While the capital markets are expecting rate cuts to happen in 2024, there’s no telling when the Federal Reserve will actually loosen monetary policy. That said, it may be time to take advantage of yield in short-term corporate bonds while they last.
Last year, both equities and bonds felt the wrath of high interest rates as the Fed was furiously tightening monetary policy in order to tamp down inflation. With the most recent rate pause by the Fed, signs of inflation starting to slowly dissipate can be applying downward pressure to yields. As such, now may be the time to take advantage of high yields while they’re still available.
“Bond prices fell throughout 2022 as the Federal Reserve hiked interest rates to combat high inflation, but with an end to rate increases potentially in sight, investors may be able to take advantage of attractive yields in short-term bonds,” noted Bankrate. One of the ETFs referenced to take advantage of yields is the Vanguard Short-Term Bond Index Fund ETF Shares (BSV).
BSV seeks to track the performance of the Bloomberg U.S. 1-5 Year Government/Credit Float Adjusted Index. This index includes a diverse array of bond exposures, including all medium and larger issues of U.S. government, investment-grade corporate, and investment-grade international dollar-denominated bonds that have maturities between one and five years and are publicly issued. As of December 7, the 30-day SEC yield for BSV is 4.94% with an average duration of 2.6 years.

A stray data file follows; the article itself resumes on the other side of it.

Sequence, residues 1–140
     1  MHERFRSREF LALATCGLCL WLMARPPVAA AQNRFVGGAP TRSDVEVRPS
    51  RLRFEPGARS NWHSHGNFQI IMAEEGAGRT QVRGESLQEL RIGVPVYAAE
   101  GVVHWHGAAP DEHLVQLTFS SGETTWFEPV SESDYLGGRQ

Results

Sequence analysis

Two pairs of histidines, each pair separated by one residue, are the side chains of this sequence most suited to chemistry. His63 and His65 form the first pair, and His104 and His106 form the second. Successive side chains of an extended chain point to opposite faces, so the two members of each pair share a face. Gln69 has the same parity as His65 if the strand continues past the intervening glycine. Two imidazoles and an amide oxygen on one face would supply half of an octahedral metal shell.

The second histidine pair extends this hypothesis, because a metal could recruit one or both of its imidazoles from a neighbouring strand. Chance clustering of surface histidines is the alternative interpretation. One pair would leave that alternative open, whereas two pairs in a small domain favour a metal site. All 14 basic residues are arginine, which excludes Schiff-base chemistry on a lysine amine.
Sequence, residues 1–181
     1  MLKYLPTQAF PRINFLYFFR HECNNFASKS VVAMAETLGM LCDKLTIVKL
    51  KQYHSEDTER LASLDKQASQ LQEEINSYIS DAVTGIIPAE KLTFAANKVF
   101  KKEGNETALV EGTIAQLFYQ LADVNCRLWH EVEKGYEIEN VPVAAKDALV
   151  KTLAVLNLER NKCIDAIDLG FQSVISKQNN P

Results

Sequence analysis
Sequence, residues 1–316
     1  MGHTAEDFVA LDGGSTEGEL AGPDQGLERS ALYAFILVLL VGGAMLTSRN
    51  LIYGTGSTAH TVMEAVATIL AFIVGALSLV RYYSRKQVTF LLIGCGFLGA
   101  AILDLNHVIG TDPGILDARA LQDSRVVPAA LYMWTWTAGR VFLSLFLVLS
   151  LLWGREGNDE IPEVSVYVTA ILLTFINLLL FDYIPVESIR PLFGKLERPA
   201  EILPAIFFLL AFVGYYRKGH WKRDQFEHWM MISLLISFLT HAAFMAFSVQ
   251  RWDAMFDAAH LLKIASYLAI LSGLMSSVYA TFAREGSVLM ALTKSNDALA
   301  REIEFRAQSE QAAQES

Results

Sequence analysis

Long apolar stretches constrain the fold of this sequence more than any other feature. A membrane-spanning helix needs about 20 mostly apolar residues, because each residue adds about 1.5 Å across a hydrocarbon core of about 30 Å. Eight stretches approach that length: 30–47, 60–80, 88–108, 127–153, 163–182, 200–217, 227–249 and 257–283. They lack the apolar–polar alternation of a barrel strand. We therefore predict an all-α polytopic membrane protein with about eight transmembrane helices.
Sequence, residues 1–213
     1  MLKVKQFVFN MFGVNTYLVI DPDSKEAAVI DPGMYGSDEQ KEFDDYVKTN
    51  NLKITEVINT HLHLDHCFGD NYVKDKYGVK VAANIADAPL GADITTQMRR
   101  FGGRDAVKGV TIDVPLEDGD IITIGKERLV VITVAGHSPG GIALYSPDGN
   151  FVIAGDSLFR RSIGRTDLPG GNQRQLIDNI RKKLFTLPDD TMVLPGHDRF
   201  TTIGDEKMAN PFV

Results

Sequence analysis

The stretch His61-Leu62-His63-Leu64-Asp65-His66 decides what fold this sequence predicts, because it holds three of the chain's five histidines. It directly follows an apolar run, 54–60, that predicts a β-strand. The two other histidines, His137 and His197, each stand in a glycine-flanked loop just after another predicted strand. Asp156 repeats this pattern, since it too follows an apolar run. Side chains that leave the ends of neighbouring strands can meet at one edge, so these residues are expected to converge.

VCIT’s Focus on Corporate Bonds
Fixed income investors who want to obtain more yield can step further out onto the yield curve. As such, intermediate debt is an option using the Vanguard Interim-Term Corporate Bond ETF (VCIT), which has an average duration of 6.1 years (as of October 31) and a 30-day SEC yield (as of December 8) of 5.59%.
VCIT continues the focus on corporate bonds, providing fixed income investors with more yield albeit more rate risk given its longer duration. As mentioned, VCIT presents a viable option for investors who still want to obtain higher yields that short-duration bonds can’t offer.
The fund seeks to track the performance of a market-weighted corporate bond index with an intermediate-term dollar-weighted average maturity. It employs an indexing investment approach designed to track the performance of the Bloomberg U.S. 5-10 Year Corporate Bond Index, which includes U.S. dollar-denominated, investment-grade, fixed-rate, taxable securities issued by industrial, utility, and financial companies, with maturities between five and 10 years.
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